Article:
Total Rating: 
April 9, 2017
Idle Muse Theater Company
Theater Type: 
The Edge
Theater Address: 
5451 North Broadway
Joseph Zettelmaier

No one disputes the practicality of eliminating options as a means of expediting decisions — the fewer possibilities, the easier the choice, right? That's not how our big sloppy world works, however, and therein lies the lesson illustrated in Joseph Zettelmaier's speculations on a fragment of historical minutiae.

The aforementioned fragment recounts how a Jewish servant of King Edward III was tortured and subsequently executed by Italian partisans after being forced to make a false confession of attempted murder and terrorism.

Zettelmaier's play, The Scullery Maid, opens at Nottingham castle during the summer of 1360 — not in the Great Hall, where the English and French monarchs are celebrating the recent treaty of Bretigny — but in the kitchens, where labor shortages stemming from international conflict and homeland devastation (e.g. Bubonic Plague) have reduced the staff to chief cook Bess, ex-royal playmate Dulcie and orphaned ward-of-the-state Miriam.

Gradually, we learn that Miriam is the daughter of the unfortunate emissary to Italy and that revenge has led her to conspire with French-born steward Henri Pascal in a plot to commit regicide that very night.

While Zettelmaier's early career as a stage-combat instructor mandates a measure of violence (deftly choreographed for this Idle Muse production by Libby Beyreis), playgoers anticipating lurid Game-of-Thrones thrills may be disappointed to discover the question beguiling the author to be that of how assassins are created — a concern not unexplored in our own time, no answer having yet arisen despite centuries of inquiry.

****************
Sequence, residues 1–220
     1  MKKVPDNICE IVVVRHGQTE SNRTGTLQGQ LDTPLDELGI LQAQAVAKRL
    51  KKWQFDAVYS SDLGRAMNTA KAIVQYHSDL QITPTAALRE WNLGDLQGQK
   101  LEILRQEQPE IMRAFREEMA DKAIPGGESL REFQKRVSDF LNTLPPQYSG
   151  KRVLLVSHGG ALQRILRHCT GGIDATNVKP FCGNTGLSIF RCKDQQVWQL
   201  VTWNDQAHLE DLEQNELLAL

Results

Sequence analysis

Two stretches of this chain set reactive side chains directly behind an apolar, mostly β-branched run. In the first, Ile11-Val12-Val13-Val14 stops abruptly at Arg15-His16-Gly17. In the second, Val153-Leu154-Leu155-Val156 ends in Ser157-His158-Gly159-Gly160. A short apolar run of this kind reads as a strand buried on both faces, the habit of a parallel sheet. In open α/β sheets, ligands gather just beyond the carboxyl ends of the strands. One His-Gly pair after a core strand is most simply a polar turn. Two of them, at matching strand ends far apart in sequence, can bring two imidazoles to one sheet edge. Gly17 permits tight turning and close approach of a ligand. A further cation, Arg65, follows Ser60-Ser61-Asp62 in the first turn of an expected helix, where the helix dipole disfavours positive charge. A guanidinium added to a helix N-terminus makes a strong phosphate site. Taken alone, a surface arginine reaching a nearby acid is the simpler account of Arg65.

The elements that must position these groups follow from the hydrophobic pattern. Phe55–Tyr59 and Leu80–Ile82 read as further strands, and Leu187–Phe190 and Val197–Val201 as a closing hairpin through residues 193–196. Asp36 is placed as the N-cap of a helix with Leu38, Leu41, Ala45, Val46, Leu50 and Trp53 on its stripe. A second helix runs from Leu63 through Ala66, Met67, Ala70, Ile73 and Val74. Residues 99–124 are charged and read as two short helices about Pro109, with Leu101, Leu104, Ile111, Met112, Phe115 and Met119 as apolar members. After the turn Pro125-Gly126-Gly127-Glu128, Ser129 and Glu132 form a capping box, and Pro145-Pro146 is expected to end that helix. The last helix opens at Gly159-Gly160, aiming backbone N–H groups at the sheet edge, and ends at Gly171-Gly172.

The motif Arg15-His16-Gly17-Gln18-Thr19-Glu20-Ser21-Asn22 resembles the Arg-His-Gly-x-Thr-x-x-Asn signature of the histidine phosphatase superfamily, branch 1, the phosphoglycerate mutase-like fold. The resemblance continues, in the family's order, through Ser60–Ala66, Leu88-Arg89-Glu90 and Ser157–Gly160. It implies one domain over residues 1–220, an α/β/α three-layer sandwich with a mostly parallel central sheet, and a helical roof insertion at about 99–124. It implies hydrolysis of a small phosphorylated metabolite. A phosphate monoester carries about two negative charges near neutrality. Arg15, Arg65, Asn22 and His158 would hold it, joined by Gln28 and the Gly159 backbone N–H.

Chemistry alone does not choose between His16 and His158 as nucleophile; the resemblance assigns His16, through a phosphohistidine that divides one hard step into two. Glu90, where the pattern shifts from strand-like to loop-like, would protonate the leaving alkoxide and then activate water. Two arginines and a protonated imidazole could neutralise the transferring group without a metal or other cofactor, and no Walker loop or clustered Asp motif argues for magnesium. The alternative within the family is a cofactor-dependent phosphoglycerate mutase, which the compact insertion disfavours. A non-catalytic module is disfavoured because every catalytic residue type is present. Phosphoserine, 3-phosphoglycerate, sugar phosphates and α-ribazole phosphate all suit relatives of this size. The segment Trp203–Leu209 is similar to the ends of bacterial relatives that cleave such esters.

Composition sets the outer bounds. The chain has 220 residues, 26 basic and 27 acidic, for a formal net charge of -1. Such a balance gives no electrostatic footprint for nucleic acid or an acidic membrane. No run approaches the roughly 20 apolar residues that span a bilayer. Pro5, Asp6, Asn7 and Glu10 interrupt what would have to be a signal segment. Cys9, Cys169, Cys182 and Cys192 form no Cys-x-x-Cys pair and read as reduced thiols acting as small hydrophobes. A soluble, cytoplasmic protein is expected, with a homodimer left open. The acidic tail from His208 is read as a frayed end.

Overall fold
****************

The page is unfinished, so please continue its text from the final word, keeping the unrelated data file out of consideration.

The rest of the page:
Isolated within the castle walls after the death of her parents, Miriam knows only that her father met his doom at the behest of a warmongering King whose reign will bring only more persecution of her people. Not for nothing has Edward Plantagenet survived decades of family intrigue, though. When he encounters the resolute young woman in his chambers bent on poisoning him, he proceeds to argue the holiness of her mission, introducing doubts regarding the accounts promulgated by mentors seeking an agent to fulfill their own self-interests.

Audiences in countries whose leaders practice the transparency that ours do may find this type of conversational drama a bit on the dry side, but under the direction of Evan Jackson, Lydia Hiller and David Skvarla articulate their personae's manifesti with dignity befitting the solemnity of the topic and their physical confrontations with appropriately visceral vigor. Leslie Hull, George Ellison and Ann Marie Lewis likewise display an unprejudiced candor as commoners for whom idealism is costly, but pragmatism all too affordable.

This review first appeared in Windy City Times, 3/17
Mary Shen Barnidge
Date Reviewed: 
March 2017